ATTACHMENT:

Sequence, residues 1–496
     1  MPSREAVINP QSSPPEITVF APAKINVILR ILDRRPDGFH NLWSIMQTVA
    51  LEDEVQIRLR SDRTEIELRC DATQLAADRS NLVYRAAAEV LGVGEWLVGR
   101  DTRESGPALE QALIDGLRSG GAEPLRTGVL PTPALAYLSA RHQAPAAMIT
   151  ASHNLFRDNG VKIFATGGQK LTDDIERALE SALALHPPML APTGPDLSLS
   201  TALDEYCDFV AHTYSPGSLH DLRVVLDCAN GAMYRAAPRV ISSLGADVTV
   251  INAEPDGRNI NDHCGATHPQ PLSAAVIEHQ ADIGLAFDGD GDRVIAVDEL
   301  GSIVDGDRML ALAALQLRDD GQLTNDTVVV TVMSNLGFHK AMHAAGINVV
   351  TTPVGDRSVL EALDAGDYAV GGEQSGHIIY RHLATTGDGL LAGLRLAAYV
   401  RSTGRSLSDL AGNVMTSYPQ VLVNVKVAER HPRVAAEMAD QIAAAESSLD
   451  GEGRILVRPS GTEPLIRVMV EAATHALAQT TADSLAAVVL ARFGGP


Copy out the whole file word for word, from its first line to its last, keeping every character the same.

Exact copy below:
Sequence, residues 1–496
     1  MPSREAVINP QSSPPEITVF APAKINVILR ILDRRPDGFH NLWSIMQTVA
    51  LEDEVQIRLR SDRTEIELRC DATQLAADRS NLVYRAAAEV LGVGEWLVGR
   101  DTRESGPALE QALIDGLRSG GAEPLRTGVL PTPALAYLSA RHQAPAAMIT
   151  ASHNLFRDNG VKIFATGGQK LTDDIERALE SALALHPPML APTGPDLSLS
   201  TALDEYCDFV AHTYSPGSLH DLRVVLDCAN GAMYRAAPRV ISSLGADVTV
   251  INAEPDGRNI NDHCGATHPQ PLSAAVIEHQ ADIGLAFDGD GDRVIAVDEL
   301  GSIVDGDRML ALAALQLRDD GQLTNDTVVV TVMSNLGFHK AMHAAGINVV
   351  TTPVGDRSVL EALDAGDYAV GGEQSGHIIY RHLATTGDGL LAGLRLAAYV
   401  RSTGRSLSDL AGNVMTSYPQ VLVNVKVAER HPRVAAEMAD QIAAAESSLD
   451  GEGRILVRPS GTEPLIRVMV EAATHALAQT TADSLAAVVL ARFGGP